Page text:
Most of us think that tomorrow will be just like today. We will get up, go to work, get a paycheck, pay our bills, and maybe have some money left over for a vacation, possibly to someplace warm and sunny.
But things happen that can change your tomorrow into a day when you cannot go to work, you will not get a paycheck and you cannot pay your bills, let alone take the family to the beach or the mountains.
If this change in life’s circumstances has happened to you because of a physical or mental condition and you worked for an employer that withheld and paid Social Security taxes on your behalf, you can file for Social Security disability to recoup some of your income. But you should know that it takes time for Social Security to make decisions on disability claims—up to six months after your initial application, another six months if you are denied and appeal that decision, and another 18 months if you must appeal your claim for a hearing.
That is a total of 30 months. So, you are most probably wondering what you’re supposed to live on if you can’t work. Good question . . . but the answers aren’t easy.
First you should apply at the human services agency that serves your area. In Ohio, they are districted by county and called Jobs and Family Services. That agency can provide assistance to you if you meet their eligibility requirements. Not everyone does, unfortunately. Where do you turn next?
Generally, individuals who are in this situation turn to family, friends or charitable organizations for help. It can be hard to ask your loved ones for help, but you may need to. Churches or other religious organizations are often actively involved in charitable outreach to their communities. They just need to be made aware of your situation. One example of this is the Salvation Army.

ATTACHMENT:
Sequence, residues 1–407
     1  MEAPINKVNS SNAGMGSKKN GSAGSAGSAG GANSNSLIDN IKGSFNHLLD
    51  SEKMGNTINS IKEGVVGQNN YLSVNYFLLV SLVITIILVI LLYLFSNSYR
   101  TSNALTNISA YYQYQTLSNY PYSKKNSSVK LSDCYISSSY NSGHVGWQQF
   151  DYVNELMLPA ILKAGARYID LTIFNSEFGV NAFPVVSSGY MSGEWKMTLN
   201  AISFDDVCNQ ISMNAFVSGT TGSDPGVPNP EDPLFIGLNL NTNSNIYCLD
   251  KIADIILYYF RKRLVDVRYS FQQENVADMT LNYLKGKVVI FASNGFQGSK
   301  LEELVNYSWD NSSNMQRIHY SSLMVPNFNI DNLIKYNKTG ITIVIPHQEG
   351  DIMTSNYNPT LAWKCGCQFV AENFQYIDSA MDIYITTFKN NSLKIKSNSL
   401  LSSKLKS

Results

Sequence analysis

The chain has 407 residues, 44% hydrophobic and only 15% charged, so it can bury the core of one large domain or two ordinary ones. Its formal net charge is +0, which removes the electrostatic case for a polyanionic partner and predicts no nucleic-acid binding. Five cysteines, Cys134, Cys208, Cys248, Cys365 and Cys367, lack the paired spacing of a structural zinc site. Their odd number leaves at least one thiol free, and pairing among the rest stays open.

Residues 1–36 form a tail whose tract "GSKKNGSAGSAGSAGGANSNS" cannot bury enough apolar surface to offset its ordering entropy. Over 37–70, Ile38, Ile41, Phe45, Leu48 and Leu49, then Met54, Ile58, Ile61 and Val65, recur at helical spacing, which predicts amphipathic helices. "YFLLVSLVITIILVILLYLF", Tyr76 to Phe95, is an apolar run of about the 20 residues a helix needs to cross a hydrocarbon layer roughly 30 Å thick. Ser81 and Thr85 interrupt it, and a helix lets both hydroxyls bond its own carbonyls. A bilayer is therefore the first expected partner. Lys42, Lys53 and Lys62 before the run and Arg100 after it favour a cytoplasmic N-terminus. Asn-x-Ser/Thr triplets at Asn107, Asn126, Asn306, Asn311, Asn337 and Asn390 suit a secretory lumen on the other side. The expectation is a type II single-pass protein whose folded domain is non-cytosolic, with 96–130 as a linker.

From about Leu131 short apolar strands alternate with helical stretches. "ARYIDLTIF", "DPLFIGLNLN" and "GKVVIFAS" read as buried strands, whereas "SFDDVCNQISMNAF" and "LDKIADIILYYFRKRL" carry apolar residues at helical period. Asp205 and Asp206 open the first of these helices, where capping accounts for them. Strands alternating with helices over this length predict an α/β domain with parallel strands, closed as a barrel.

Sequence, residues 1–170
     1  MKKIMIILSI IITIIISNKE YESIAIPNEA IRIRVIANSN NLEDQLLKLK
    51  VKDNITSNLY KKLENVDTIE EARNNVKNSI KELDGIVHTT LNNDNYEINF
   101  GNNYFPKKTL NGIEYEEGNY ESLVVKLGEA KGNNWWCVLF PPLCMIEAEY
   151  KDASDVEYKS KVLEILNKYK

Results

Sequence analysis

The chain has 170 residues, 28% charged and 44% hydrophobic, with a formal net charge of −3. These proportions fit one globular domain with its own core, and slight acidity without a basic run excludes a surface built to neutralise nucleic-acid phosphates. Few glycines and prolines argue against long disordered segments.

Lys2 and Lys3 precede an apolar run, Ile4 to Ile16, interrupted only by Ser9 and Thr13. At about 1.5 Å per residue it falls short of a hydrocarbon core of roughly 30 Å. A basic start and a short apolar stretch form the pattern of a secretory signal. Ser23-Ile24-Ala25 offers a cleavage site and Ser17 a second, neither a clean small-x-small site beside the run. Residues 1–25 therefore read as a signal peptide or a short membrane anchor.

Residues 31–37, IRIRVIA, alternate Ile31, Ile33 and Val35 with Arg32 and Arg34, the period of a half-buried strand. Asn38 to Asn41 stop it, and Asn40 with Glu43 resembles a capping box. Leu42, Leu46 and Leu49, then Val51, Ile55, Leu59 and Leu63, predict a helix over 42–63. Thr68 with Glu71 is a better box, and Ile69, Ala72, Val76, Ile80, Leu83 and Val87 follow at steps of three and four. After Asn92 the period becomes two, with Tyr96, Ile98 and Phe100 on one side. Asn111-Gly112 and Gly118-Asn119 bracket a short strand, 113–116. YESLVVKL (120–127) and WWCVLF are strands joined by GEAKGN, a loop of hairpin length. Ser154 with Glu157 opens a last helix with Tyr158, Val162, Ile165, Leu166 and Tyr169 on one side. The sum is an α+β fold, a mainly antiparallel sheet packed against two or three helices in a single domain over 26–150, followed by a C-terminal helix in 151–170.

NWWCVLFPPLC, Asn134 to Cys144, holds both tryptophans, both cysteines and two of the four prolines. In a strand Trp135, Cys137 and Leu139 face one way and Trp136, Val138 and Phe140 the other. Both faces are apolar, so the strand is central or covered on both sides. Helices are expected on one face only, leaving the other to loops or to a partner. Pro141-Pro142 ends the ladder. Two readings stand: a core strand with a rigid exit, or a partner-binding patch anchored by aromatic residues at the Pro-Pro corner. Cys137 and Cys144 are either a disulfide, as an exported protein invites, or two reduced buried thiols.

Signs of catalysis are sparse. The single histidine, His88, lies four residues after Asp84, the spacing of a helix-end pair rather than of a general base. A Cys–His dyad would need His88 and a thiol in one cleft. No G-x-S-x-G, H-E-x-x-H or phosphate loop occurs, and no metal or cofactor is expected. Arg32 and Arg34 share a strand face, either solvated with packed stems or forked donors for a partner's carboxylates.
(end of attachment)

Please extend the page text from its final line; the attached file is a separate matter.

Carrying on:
And don’t forget about the phone! The national 2-1-1 initiative seeks to reserve these three digits nationwide as a quick, easy-to-remember telephone number for finding human services answers. By dialing 2-1-1, you will be connected to a help hotline that can assist you in finding local human services providers for different needs, such as low-cost/no-cost medical providers, housing, food banks and many other resources.
Yes, we truly understand . . . the waiting is very difficult; but the reward of eventually having your claim approved should encourage you to stay the course. Having a representative assist you with your claim won’t make the wait any shorter (that is determined by the Social Security disability process) but it can help you understand the process and give you tips on what to do while you are waiting.
Robert L. Heller has practiced law in Ohio for nearly 40 years, devoting his entire career to helping disabled people in the Mahoning Valley to pursue needed benefits. A native of Warren, Ohio, Robert earned his undergraduate degree from Miami University of Ohio and his law degree from the University of Toledo College of Law. He also studied public administration at American University in Washington, D.C. He is admitted to practice in Ohio state courts, U.S. District Court for the Northern District of Ohio and Sixth Circuit U.S. Court of Appeals as well as a member of the National Organization of Social Security Claimant Representatives (NOSSCR).